5 Resveratrol foods you need to be eating more of

Resveratrol is a phytochemical that is known to fight free radicals. Foods rich in resveratrol include grapes, wine, cocoa, peanuts, pistachios, and berries. While the amount of resveratrol present in each is small, there is no harm in eating a lump sum of plant foods. Below is a list of popular resveratrol foods and an insight into the other benefits you can reap.

5 resveratrol foods you need to be taking more of

1.Red Grapes

Red grapes have the most resveratrol. Grapes provide 50-100 micrograms of resveratrol per gram. The fruit's skin is rich in the antioxidant.

In addition, grapes are an incredible source of vitamin C, K, and potassium. More than the color and type, what decides the amount of resveratrol is the condition under which the grapes have been cultivated.

Since red wine is fermented with the skin of red grapes, unlike white wine, where the skin is removed, red wine serves as a beautiful source of resveratrol. However, keeping the harm that alcohol does to our bodies, it is best to limit the consumption of red wine.

You can treat your body with the goodness of resveratrol by consuming grapes in their natural form. Add them to salads, smoothies, or your breakfast cereal twice or thrice a week and relish a lip-smacking concoction of health and taste. 


These tiny berries are yet another source of resveratrol. However, not all blueberries contain resveratrol. The origin and type determine the beneficial plant compound's presence or absence. While highbush blueberries from British Columbia do not show any trace of resveratrol, those from Michigan serve as its source.

Besides resveratrol, blueberries have a lot to offer. They are loaded with health benefits. The presence of anthocyanin and certain other flavonoids reduces inflammation, prevents oxidative damage, and promotes heart and brain health, among other benefits in regular consumers.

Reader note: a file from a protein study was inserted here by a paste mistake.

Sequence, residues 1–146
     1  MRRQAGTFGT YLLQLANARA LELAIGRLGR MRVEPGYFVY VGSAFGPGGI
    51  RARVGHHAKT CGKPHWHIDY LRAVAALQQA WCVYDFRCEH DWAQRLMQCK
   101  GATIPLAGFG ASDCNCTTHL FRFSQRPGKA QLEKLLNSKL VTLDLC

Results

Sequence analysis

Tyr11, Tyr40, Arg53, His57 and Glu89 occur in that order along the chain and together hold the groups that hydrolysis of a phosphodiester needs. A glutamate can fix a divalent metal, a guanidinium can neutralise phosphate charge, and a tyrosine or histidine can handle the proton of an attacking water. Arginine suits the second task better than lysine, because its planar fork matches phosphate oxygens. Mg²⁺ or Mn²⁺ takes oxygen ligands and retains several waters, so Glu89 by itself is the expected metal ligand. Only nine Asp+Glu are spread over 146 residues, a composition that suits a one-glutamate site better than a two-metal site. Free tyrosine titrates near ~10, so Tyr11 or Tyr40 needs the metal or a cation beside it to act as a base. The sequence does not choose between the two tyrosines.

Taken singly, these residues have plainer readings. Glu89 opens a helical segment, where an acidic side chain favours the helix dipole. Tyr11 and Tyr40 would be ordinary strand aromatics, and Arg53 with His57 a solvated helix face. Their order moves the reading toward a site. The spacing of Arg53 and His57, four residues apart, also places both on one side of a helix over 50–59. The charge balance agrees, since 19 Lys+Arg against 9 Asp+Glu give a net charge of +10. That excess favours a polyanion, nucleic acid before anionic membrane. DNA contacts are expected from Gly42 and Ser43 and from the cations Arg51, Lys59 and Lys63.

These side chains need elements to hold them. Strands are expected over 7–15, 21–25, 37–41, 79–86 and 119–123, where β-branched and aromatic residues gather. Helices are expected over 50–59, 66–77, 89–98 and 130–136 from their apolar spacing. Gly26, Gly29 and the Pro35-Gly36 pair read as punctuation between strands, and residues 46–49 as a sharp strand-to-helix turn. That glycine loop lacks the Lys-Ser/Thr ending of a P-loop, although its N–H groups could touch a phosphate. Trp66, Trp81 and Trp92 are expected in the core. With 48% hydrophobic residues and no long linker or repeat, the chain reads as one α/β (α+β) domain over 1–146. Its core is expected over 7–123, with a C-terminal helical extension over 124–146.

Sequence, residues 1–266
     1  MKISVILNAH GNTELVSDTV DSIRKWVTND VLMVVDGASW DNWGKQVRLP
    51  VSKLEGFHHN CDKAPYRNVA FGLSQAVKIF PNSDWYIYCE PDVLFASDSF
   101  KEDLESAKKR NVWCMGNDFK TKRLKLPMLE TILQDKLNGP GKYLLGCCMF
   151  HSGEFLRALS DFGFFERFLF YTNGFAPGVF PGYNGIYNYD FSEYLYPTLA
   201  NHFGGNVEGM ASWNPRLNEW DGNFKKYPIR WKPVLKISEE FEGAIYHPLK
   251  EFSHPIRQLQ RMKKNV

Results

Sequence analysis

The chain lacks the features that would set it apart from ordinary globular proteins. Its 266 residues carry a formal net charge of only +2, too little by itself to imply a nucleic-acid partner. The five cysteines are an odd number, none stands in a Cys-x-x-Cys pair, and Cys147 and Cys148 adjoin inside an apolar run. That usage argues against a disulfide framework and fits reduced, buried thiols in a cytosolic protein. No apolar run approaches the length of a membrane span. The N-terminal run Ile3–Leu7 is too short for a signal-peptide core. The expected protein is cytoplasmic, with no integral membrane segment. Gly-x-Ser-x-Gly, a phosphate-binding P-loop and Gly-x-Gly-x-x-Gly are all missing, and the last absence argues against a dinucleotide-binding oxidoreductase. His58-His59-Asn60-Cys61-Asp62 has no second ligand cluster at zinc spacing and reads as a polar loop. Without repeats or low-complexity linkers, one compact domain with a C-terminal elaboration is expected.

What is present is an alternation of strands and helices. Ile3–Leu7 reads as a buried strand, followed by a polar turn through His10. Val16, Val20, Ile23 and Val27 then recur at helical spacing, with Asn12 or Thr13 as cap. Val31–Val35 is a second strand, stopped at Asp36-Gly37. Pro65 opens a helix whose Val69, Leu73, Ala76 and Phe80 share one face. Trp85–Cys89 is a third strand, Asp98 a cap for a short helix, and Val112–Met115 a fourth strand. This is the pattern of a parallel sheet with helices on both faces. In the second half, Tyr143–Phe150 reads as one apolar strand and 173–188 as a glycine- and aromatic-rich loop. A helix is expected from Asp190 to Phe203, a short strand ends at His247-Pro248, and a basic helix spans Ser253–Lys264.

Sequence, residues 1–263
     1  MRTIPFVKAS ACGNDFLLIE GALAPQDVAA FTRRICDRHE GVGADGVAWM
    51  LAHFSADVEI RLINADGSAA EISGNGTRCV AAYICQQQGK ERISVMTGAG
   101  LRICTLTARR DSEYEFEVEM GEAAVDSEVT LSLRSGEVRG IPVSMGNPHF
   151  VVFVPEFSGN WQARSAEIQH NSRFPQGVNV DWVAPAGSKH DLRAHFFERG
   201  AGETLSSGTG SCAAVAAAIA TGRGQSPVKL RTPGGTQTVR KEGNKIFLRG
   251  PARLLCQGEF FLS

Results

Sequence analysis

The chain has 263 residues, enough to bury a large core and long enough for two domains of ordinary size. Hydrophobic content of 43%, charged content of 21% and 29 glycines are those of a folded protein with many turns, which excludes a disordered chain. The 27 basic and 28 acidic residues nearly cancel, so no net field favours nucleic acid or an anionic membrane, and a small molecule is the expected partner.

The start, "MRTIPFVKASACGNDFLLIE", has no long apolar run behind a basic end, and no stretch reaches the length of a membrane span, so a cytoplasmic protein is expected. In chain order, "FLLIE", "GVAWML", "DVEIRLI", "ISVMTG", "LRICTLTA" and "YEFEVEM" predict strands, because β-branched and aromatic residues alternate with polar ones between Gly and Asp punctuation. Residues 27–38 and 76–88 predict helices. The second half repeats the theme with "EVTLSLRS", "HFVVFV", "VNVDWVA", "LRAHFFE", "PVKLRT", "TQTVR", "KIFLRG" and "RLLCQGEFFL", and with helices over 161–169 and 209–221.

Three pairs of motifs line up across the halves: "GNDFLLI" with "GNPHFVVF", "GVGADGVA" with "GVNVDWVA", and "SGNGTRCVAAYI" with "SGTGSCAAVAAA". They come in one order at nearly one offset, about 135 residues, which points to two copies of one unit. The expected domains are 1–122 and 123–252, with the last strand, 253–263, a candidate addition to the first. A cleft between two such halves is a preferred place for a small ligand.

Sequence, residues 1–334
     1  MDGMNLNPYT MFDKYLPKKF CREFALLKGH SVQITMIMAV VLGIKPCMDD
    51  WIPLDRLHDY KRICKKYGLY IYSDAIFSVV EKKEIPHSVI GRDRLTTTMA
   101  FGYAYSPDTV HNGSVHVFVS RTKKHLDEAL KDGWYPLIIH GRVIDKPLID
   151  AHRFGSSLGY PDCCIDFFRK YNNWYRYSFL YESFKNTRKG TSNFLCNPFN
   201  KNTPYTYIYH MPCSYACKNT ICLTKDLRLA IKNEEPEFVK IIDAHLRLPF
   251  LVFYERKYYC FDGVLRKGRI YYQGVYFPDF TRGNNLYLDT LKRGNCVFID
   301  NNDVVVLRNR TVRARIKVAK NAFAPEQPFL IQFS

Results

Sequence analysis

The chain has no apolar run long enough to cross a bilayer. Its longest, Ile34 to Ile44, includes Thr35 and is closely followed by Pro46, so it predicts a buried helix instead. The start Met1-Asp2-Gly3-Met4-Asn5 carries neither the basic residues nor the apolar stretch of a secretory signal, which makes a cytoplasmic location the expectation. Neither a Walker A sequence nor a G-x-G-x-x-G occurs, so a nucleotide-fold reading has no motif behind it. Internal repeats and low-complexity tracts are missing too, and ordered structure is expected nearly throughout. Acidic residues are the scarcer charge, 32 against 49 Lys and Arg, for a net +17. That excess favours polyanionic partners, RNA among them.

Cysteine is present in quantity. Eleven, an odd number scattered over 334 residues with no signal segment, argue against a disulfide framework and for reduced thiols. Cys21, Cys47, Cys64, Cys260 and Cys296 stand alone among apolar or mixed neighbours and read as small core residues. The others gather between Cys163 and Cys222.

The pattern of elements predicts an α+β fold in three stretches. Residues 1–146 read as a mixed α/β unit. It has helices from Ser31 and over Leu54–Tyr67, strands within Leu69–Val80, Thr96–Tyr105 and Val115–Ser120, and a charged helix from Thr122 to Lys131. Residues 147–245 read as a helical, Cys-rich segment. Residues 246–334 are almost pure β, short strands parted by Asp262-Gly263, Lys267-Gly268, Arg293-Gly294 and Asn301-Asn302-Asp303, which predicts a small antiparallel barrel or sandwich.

Peanuts have a secured position in the list of resveratrol foods. You can stock the antioxidant by consuming peanut butter or raw, boiled, roasted peanuts. Peanut butter and boiled peanuts have considerably higher amounts of resveratrol at concentrations of 0.3-0.12 milligrams per gram and 0.04-0.13 milligrams per gram, respectively.

In addition, they are a rich source of niacin and vitamin B1, which help maintain brain health and prevent age-related cognitive disorders. Manganese and phosphorus in peanuts make bone stronger, while vitamins C and E ensure that your skin remains healthy and glowing.


Cranberries are yet another source of resveratrol. Their tartness can upset your taste buds, so you might not prefer eating them raw. About 1.07 nmol/g of resveratrol was detected in cranberry juice. You can treat yourself to its juice or cook it in any form you like.

Cranberries also impart added health benefits. They are a rich source of fiber, protecting the body from cardiovascular diseases, diabetes, and gastrointestinal problems. Vitamin C present in it exerts its antioxidant effect and prevents oxidative damage while improving the body's immunity. Other minerals like calcium, magnesium, sodium, potassium, and zinc also work together for the proper functioning of the body.


Plums are rich in resveratrol too. Studies suggest that significantly higher levels of resveratrol were detected in red plums. In addition to the salubrious phytochemical, it presents many other health benefits. 

They are rich in potassium, copper, manganese, and vitamins A, K, and C. Plums alleviate constipation and are associated with lowering blood sugar levels. Besides, they also promote bone and heart health and exert robust anti-inflammatory effects.




With this, we come to the end of our list of resveratrol foods. While you can always take resveratrol supplements, intake through natural sources is a healthier approach. That way, your body will reap the benefits of the phytochemical as well as of other micro and macro-nutrients in the food.